Confederacy, * equity pleading. The fourth part of a bill in chancery usually charges a confederacy; this is either general or special.

2. The first is by alleging a general charge of confederacy between the defendants and other persons to injure or defraud the plaintiff. The common form of the charge is, that the defendants, combining and confederating together, to and with divers other persons as yet to the plaintiff unknown, but whose names, when discovered, he prays may be inserted in the bill, and they be made parties thereto, with proper and apt words to charge them with the premises, in order to injure and oppress the plaintiff in ti e premises, do absolutely refuse, &c. Mitf. Eq. Pl. by Jeremy, 40; Coop. Eq. Pl. 9 Story, Eq. Pl. 29; 1 Mont. Eq. Pl. 77; Barton, Suit in Eq. 33; Van Heyth. Eq. Drafts, 4.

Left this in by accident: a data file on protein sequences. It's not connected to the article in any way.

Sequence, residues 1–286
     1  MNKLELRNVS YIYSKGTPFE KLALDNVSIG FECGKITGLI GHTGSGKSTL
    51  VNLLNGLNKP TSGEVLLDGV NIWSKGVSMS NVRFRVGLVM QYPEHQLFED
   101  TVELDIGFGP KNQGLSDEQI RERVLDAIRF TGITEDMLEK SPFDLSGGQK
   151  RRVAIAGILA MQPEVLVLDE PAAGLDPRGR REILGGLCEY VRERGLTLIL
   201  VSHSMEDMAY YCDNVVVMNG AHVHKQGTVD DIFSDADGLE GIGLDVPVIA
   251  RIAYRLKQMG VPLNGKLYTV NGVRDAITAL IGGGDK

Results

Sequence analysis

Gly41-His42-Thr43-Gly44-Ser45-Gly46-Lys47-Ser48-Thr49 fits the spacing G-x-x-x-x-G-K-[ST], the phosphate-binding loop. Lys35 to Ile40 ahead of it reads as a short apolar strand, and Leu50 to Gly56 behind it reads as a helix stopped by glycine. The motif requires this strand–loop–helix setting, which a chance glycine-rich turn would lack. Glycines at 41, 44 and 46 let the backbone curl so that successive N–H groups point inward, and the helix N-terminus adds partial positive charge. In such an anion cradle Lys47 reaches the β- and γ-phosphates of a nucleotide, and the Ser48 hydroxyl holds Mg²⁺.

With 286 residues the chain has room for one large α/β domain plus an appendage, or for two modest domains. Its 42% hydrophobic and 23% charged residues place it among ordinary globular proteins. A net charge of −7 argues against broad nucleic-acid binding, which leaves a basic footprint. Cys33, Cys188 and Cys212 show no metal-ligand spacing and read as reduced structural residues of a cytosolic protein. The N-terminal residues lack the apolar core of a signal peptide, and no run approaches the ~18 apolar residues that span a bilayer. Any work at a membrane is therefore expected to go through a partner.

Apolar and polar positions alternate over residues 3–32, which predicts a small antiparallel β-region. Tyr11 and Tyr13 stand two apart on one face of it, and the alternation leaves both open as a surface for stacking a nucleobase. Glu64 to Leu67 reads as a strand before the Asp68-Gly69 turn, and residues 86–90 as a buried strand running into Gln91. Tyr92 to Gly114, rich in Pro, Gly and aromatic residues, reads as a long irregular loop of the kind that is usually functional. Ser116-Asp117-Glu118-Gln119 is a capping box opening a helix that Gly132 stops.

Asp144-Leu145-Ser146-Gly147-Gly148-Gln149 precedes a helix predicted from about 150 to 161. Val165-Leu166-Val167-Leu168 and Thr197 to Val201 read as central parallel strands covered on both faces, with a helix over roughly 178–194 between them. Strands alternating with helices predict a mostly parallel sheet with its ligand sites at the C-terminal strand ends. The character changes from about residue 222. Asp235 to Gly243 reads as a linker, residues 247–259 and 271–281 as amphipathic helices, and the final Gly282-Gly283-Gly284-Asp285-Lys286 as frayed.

3. When it is intended to rely on a confederacy or combination as a ground of equitable jurisdiction, the confederacy must be specially charged to justify an assumption of jurisdiction. Mitf. Eq. Pl. by Jeremy, 41; Story, Eq. Pl. 30.

4. A general allegation of confederacy is now considered as mere form. Story, Eq. Pl. 29; 4 Bouv. Inst. n. 4169.

* From Bouvier's Law Dictionary, 1856 Edition. Please see Bouvier's Legal Abbreviations & Abbreviated References for help with obscure nomenclature & references.

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